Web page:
Canada and the Philippines signed a memorandum of understanding on defense cooperation in January 2024, a move which Manila’s defense chief said could lead to a bilateral troop pact.
“I’m glad to hear that there is a strong intention on both sides to deepen and strengthen the relationships by forging new milestones in our defense relations to culminate, perhaps, with the Visiting Forces Agreement,” Philippine Defense Secretary Gilberto Teodoro said in a statement.
Manila has such an agreement with the United States, which allows the rotation of U.S. troops to and from the Philippines for drills and exercises.
The Philippine Defense Ministry said the memorandum would jump-start cooperation with Canada on military education and training, information sharing, peacekeeping operations, and disaster response.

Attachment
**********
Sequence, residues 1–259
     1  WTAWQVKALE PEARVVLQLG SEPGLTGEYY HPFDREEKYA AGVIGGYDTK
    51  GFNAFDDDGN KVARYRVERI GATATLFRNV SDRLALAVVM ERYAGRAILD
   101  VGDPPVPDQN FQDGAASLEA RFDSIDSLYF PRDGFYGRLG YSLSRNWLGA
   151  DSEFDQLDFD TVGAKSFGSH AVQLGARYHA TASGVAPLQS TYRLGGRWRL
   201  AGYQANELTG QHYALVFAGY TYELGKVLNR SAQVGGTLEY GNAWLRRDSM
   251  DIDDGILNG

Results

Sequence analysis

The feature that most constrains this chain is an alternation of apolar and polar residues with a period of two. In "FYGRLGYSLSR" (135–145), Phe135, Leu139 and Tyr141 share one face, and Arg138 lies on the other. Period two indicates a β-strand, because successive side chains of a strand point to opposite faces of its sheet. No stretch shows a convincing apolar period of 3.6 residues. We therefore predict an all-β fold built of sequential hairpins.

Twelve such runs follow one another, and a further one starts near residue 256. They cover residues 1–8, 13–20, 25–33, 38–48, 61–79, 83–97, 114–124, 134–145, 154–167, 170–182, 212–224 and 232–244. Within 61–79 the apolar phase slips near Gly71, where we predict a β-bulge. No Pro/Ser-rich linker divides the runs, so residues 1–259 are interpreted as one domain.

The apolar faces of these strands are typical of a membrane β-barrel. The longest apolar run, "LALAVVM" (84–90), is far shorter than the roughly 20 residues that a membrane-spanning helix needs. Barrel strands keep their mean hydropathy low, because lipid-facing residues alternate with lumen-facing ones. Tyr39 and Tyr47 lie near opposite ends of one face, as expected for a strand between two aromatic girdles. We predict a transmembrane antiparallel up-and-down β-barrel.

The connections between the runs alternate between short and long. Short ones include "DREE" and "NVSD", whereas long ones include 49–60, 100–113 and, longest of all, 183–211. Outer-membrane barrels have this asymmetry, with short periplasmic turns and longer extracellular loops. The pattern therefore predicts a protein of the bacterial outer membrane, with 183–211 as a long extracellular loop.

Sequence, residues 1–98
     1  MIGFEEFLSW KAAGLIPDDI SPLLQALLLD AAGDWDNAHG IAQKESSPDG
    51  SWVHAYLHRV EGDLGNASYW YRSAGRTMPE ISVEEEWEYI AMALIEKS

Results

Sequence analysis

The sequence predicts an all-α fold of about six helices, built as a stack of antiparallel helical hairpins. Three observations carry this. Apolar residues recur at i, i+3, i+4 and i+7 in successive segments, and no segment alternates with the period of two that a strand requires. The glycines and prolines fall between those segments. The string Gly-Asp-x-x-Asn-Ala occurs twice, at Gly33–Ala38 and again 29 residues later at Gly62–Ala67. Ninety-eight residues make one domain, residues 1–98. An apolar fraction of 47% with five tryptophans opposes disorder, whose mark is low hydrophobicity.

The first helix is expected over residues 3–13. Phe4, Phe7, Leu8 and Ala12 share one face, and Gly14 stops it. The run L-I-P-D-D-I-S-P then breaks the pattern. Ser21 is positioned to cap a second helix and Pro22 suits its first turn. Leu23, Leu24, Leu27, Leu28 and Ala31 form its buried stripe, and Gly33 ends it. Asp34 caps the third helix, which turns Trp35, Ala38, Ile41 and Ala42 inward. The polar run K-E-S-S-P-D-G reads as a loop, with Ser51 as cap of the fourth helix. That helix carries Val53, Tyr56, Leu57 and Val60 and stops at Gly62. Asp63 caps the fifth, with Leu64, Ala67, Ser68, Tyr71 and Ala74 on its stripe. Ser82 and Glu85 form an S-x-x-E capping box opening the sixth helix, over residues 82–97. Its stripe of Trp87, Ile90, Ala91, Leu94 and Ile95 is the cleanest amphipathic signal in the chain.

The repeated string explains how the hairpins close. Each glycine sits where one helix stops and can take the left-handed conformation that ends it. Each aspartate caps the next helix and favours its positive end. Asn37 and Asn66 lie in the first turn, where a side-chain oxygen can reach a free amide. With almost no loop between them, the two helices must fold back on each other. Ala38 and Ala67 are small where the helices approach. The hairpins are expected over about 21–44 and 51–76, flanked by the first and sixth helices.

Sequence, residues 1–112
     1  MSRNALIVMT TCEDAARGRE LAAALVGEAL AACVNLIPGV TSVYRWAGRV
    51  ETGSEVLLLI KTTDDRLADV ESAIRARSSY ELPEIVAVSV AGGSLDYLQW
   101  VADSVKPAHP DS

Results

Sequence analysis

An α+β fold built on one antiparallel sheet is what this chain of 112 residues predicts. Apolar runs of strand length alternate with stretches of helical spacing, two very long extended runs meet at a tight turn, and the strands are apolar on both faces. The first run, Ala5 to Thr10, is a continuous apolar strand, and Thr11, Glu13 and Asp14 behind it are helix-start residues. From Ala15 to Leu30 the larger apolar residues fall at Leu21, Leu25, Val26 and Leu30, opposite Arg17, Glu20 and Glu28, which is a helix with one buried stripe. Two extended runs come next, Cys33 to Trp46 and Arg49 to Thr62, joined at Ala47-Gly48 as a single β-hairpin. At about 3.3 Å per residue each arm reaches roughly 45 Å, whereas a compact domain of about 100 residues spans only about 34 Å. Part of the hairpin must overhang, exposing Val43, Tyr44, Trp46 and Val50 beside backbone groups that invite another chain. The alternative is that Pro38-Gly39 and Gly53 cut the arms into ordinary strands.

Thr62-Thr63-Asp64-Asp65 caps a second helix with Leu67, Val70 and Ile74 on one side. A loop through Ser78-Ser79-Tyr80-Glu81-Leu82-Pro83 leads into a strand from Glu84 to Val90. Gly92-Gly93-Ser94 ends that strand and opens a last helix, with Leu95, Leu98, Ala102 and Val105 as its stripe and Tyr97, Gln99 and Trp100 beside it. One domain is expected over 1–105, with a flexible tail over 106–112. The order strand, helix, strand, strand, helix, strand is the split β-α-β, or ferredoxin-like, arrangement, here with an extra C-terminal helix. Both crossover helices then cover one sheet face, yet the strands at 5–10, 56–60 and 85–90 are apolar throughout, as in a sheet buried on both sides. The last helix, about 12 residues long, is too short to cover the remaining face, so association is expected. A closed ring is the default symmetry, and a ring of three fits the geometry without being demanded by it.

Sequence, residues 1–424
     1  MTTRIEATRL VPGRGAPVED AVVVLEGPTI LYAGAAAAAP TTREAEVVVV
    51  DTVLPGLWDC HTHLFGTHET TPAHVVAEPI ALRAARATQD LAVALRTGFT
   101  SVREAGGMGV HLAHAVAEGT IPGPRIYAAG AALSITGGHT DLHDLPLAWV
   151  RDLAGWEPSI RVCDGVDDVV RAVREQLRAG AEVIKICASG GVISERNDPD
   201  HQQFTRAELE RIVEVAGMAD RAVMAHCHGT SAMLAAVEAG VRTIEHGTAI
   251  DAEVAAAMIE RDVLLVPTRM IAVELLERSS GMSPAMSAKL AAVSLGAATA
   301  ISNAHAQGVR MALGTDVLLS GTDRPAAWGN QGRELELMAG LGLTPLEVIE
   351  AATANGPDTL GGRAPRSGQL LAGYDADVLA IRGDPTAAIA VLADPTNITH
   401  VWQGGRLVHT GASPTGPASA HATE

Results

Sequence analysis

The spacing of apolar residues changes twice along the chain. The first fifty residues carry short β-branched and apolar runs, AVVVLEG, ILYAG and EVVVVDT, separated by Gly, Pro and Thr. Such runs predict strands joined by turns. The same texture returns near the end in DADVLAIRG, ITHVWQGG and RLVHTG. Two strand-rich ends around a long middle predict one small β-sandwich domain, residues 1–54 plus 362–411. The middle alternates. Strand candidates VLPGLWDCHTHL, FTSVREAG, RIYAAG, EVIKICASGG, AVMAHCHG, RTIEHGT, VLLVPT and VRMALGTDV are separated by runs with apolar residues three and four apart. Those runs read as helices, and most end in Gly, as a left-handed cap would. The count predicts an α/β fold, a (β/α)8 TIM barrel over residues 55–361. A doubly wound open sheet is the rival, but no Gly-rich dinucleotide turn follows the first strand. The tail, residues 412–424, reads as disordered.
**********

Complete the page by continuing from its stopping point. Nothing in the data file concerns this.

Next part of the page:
“The strongest assets we have are the mutual trust and confidence that we have in one another … and because we are dealing with each other in a straightforward, open and on a rules-based manner, such trust is reinforced and will surpass political changes and the tests of time,” Teodoro said.
Canada has supported the Philippines in the face of the People’s Republic of China’s (PRC) increased assertiveness in the South China Sea, backing a 2016 international tribunal’s ruling that Beijing’s expansive claims to the strategic waterway have no legal basis. The PRC has ignored that decision, and its coast guard and maritime militia have harassed fishing crews and Philippine vessels conducting military resupply missions.
In October 2023, Ottawa and Manila signed a deal for the Philippines to use Canada’s Dark Vessel Detection system to combat illegal, unreported and unregulated fishing by vessels that have switched off their location transmitters to evade detection.
The system will also enhance the Philippines’ maritime domain awareness over its territorial waters and exclusive economic zone, where there have been a series of confrontations with the PRC.